Not the easiest of parts to get to grips with, this – like Episode Ten it deploys the tactic of jumping around between events occurring at different locations at the same time and it isn’t always easy to detect until reading on a bit and then going back. The opening section turns out to be a compilation of lines from throughout the episode, cut-and-pasted into a jaunty song-like opener, which of course does not become clear until much further into the piece. And it turns out that this is very appropriate, as episode eleven is all about music! Here is my best shot at understanding this beautiful yet beastly arrangement…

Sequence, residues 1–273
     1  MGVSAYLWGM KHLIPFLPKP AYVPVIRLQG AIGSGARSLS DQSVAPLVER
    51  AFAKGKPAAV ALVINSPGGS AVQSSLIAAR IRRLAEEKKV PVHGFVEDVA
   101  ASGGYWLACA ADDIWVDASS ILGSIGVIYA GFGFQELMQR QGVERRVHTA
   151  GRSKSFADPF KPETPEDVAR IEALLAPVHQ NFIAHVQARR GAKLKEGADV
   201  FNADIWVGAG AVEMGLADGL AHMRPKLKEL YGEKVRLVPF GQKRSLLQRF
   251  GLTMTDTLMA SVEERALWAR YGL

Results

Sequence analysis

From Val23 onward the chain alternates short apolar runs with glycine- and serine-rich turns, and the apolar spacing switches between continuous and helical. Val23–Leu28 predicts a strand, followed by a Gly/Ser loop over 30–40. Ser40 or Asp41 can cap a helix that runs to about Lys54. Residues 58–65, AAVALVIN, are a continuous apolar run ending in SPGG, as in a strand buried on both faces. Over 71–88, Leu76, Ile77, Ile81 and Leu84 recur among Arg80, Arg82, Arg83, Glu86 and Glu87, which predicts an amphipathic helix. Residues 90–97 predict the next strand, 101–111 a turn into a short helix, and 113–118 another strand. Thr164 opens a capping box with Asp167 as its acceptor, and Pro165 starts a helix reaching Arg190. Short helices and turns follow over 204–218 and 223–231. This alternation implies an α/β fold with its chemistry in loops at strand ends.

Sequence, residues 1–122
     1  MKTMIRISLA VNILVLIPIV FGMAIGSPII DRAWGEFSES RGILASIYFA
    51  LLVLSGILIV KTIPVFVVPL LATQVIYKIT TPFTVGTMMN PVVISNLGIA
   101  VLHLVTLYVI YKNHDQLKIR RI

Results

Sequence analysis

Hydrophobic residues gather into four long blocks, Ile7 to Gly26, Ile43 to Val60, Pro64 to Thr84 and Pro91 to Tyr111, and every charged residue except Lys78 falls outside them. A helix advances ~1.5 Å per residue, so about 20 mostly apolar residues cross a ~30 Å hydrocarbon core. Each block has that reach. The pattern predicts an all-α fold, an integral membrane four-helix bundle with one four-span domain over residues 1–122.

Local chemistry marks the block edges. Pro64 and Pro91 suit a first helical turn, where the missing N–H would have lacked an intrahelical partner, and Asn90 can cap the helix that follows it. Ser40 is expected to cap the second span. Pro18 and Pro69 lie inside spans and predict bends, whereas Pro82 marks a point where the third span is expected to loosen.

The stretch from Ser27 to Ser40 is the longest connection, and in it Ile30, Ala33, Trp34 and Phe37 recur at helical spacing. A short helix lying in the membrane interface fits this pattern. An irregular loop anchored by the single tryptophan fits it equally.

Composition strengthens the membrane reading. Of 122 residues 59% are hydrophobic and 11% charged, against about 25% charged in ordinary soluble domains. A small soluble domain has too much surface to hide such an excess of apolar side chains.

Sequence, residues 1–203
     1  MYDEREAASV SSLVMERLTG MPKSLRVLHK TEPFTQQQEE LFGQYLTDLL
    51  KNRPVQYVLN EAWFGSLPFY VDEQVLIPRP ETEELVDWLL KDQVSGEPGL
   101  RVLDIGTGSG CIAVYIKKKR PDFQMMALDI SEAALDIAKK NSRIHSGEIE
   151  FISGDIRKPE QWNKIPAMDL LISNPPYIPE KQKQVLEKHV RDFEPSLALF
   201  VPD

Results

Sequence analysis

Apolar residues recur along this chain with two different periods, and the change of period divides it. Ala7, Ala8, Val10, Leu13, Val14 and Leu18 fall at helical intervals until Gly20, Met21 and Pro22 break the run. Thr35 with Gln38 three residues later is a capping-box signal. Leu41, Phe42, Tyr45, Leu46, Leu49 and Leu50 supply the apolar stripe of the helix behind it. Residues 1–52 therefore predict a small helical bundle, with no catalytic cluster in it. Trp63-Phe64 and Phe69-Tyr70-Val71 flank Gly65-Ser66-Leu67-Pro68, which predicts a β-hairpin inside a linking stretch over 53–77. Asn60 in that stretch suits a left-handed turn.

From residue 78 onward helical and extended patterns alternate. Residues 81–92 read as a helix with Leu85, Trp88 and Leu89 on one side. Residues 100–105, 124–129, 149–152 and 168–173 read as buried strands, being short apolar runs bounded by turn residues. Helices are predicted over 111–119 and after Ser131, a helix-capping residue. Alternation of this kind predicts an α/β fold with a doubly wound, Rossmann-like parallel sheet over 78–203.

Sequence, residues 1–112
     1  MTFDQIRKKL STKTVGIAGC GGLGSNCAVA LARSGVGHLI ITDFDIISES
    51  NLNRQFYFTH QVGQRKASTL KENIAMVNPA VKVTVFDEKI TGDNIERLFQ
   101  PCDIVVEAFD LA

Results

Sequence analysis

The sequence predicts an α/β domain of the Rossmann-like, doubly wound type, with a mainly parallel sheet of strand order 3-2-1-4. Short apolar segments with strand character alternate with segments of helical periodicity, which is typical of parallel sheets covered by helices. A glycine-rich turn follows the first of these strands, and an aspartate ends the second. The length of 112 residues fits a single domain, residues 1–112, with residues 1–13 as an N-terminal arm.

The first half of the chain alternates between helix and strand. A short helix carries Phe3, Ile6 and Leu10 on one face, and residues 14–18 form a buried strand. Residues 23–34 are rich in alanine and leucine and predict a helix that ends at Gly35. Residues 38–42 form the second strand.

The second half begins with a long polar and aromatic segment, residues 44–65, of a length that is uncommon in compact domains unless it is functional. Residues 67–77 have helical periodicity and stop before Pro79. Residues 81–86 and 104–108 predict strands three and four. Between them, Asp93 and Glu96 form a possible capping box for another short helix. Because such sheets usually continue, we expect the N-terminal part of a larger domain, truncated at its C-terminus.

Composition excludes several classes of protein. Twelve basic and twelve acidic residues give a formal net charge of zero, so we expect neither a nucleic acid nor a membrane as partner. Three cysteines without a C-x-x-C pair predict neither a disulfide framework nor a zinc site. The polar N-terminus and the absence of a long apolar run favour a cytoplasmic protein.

We start off with a cheerful but positively mental poem-song type thing that makes absolutely no sense whatsoever, but concludes with the phrase ‘Begin!’ So that’s exactly what I shall do. We join two barmaids at the Ormond Hotel bar – Miss Douce (possibly a redhead, often referred to as ‘Bronze’) and Miss Kennedy (likely blonde, similarly referred to as ‘Gold). They are watching the viceregal cavalcade go by and chattering about the various characters that pass by. They particularly discuss the men, and menfolk in general. Meanwhile, Bloom looks in an antique shop window. Someone with loud boots brings the girls some tea and Miss Douce finds him rude. The girls talk about sunburn and skin lotions – I think Miss Douce has recently been on holiday somewhere. As they drink their tea, they discuss Leopold Bloom, deriding him as old and hideous! Which isn’t very nice at all. They laugh.